California builds the nation's largest prison medical facility

California Health Care Facility (CHCF)

Arial view of 144-acre construction site for nation’s largest prison health care facility in Stockton, California.

California Health Care Facility (CHCF)

Julie Small/KPCC

Project manager Mike Meredith tours one of the inmate housing units.

California Health Care Facility (CHCF)

Julie Small/KPCC

Skylights will increase natural light in prisoner housing at the California Health Care Facility (CHCF) currently under construction. Wider cell doors will allow for gurneys and wheelchairs.

California Health Care Facility (CHCF)

Julie Small/KPCC

Warden and CEO Nate Elam (L) tours main medical buildings with project manager Mike Meredith (R).

California Health Care Facility (CHCF)

Map of the California Health Care Facility (CHCF) near Stockton, California

California Health Care Facility (CHCF)

Julie Small/KPCC

Mock-up cell for inmates who require 24-hour nursing care includes hook ups for medical monitoring systems and natural light.


California is building the largest prison medical facility in the nation — and it’s doing it at a record clip. That’s because the state has to comply with a federal court order to improve health care for inmates.

A cluster of a warehouses, bungalows and two-story-high mounds of dirt mark the future home of the California Health Care Facility, just outside of Stockton. Even though the word “prison” isn’t in its name, the 144-acre facility definitely fits the description.

That will be evident soon when the building contractor rings the perimeter with electrified fences and guard towers. The medical hub inside those fences is designed to provide long-term care to 1,700 inmates too sick to live in regular housing.

Mike Meredith with the Department of Corrections and Rehabilitation manages the $900 million project. He says the scale and cost of the Stockton facility dwarfs any commercial project he’s worked on.

There’s good reason for that. As he tours a mock-up of what the main housing will look like once it’s finished, Meredith explains the many aspects of the building designed to support recovery starting at the ceiling.

“It would draw a lot of light down into the day area for patients, a lot of them with mental issues and/or a variety of clinical issues,” says Meredith. “It sort of helps promote healing them and, in theory, gets them back to the general population.”

A series of cells runs on the outside walls down the length of a building. Eventually, nurses stations will be built in the middle of the corridor.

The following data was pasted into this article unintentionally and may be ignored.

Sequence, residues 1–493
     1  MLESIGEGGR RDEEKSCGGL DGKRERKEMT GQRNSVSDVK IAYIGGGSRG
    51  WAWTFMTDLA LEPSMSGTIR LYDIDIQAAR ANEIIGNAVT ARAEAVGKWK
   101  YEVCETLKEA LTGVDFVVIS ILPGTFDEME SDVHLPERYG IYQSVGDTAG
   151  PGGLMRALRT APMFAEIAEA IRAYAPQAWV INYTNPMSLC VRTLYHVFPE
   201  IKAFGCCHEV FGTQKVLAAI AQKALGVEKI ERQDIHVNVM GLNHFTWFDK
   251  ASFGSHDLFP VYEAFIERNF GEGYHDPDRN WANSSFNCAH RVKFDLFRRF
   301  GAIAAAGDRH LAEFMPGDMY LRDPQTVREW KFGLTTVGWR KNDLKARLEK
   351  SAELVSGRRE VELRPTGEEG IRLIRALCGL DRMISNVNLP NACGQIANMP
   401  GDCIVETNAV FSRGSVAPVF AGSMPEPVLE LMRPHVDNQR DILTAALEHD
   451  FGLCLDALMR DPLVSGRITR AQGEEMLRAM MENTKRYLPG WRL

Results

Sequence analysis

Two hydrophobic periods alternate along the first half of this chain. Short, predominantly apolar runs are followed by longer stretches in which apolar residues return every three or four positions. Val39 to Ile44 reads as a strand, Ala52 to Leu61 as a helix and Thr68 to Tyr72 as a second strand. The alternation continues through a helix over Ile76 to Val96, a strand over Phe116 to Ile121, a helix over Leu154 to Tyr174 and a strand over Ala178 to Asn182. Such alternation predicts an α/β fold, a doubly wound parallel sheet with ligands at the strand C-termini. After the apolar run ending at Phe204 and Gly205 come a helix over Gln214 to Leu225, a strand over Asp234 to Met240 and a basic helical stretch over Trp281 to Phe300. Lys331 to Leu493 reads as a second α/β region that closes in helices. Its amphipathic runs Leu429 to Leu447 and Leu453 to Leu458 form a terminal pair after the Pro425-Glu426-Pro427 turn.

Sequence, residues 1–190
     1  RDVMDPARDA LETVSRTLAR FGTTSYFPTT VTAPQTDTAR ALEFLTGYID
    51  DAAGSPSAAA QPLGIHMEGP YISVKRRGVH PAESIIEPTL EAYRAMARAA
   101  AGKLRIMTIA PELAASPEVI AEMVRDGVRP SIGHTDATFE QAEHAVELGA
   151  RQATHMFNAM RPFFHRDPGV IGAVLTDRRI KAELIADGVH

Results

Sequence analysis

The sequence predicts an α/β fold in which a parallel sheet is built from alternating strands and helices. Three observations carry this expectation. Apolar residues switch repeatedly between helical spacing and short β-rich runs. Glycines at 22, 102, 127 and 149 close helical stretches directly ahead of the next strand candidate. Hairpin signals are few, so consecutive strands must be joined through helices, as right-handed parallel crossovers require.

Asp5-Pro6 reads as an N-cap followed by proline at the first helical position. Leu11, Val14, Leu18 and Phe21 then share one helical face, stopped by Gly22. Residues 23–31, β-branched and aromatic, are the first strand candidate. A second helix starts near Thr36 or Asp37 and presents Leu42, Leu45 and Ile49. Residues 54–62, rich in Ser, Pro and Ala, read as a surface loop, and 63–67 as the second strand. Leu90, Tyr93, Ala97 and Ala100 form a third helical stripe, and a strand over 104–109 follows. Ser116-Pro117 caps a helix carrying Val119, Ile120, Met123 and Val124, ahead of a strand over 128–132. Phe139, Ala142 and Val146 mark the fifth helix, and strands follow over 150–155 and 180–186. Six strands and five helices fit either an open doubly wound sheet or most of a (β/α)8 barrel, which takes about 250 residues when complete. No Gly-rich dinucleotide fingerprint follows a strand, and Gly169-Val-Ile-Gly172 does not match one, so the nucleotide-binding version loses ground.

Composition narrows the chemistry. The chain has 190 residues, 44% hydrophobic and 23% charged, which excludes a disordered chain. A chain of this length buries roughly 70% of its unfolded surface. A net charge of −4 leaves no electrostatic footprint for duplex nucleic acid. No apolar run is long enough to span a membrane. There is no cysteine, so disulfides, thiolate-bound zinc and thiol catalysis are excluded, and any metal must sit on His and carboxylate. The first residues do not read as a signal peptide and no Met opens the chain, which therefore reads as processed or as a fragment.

Wider doorways let medical staff move inmates in and out of rooms on gurneys or in wheelchairs. The contractors wired the walls to support major medical equipment. Doing that requires more technology and more square footage than standard prison cells.

Nancy Kincaid, the spokeswoman for the federal receiver in charge of prison medical care, says there's aren't enough ground level cells at other facilities for all the inmates who need them.

“All the facilities out at the other institutions are all two levels, sometime three levels, and you don’t have elevators in housing areas,” she explains. “Because this is long-term care and an aging population, everything is one floor.”

For years, Californians voted to lengthen prison sentences. That means more felons are behind bars well past the age when chronic disease develops. The federal receiver’s office says that more than half the state’s inmates — nearly 70,000 — get treatment for a chronic condition.

The state is legally required to provide adequate medical and mental health care. It didn’t always do a good job at that.

About a decade ago, when lawyers showed that an inmate a week was dying from lack of care, a federal judge seized control of prison medical care in California and appointed the receiver to improve it. Later, a federal court ordered the state to reduce its prison population to improve medical care.

“This is the way forward,” says Nate Elam, warden at the California Health Care Facility and its medical CEO. “This is probably a turning point for the state of California.”

Elam dons a hard hat to tour the skeleton of one of the main medical building. It’s the size of a couple of football fields, flanked by buildings that are just as big. Elam lists the kind of services they’ll be able to offer in these buildings.

“So we’ve got pharmacy and lab and some of those sorts of services over here. We’ve got procedure areas, dental, rehabilitative services.” He asks Meredith, “Where are we putting the dialysis?”

The idea is to hub the sickest inmates in one place, to save on costs and produce better results. Many of the inmates who’ll be sent to the facility in Stockton need 24-hour nursing care. Right now, a lot of those inmates take up critical care bed space at prisons — and that forces the state to send other inmates to outside hospitals at a cost of $2,000 a day.

Kincaid says the Stockton facility will solve that problem.

“This allows us to shift around that population as they age — have mobility issues and need that long-term care setting, to come to a place where they can accommodate that, free up other beds and keep more people out of outside hospitals," Kincaid said.

The federal receiver estimates the California Health Care Facility will save the state $42 million a year, mostly in guarding and transportation costs, after it opens next July.

The Department of Corrections says the facility and an adjacent housing unit will also create 2,200 permanent jobs — and $1 billion a year in economic benefit in the region.

More in California

Comments

blog comments powered by Disqus